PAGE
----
Examples of Strategy Models for Universities

Historic Perspective

Nowadays it seems evident that leading universities place themselves somewhere in the triangle of higher education, research and innovation and, as a third mission, community service. This placement corresponds to the nature of a university as perceived today and all three items regularly appear in any university strategic plan. Yet, it is worth remembering that universities started their history differently and it may be that the future will again bring changes, with new challenges for universities' strategic planning.

For many centuries, the main task of universities consisted of teaching and learning only. The university was a community of masters and students (“universitas magistrorum et scholarium”), living together in colleges so that the transfer of knowledge, skills, and values from one generation to the next could easily take place on campus. The programs of these communities and their missions were ambitious and based on humanistic principles. In the charter of the University of Vienna, written in 1365, for example, the university was summoned to understand faith and thereby further it (in the faculty of theology), to enhance judicial equity (in the faculty of law), to serve the public good (in the faculty of medicine), and to foster human reasoning (in the faculty of philosophy).

There was no research. To listen to good teachers, students moved around Europe.

University rankings did not exist. However, it was well known around the year 1500 for example, that law was best taught at the University of Bologna, medicine at the University of Padova, and philosophy (the seven “artes liberales”) at the Sorbonne in Paris [2]. The strategy of excellence for a university consisted in hiring the best teachers. Consequently, students would be attracted and thereby the university would be funded. At that time, the majority of university funding came from students.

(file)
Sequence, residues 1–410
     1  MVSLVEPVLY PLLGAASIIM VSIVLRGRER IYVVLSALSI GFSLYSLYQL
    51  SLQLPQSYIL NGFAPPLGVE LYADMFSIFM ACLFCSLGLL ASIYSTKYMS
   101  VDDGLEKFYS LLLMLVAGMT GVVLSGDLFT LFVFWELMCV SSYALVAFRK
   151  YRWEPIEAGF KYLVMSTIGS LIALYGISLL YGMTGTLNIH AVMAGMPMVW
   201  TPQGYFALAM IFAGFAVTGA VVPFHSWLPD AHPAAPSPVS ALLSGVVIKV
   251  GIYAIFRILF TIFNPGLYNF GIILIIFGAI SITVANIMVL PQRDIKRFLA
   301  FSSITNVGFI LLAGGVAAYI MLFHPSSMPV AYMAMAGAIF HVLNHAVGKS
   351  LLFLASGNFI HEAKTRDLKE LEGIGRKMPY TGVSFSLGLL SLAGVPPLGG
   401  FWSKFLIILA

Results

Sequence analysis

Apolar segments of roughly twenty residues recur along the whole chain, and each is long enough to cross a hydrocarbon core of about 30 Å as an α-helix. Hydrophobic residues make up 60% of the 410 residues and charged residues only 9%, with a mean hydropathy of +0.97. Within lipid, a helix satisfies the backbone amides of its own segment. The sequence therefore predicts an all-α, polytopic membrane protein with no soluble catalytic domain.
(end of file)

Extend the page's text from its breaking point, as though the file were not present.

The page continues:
As the advancement of the sciences gained momentum in the 18th century, and with the increased interest of the then emerging nation states in applying scientific knowledge to solve societal, economic, and military problems, European universities gradually evolved into research institutions dependent on state funding. Finally, innovation became a buzzword of the 21st century. It originated in an economic debate, stressing the importance of science-based innovations for upgrading jobs and triggering growth in a globalized world.

 
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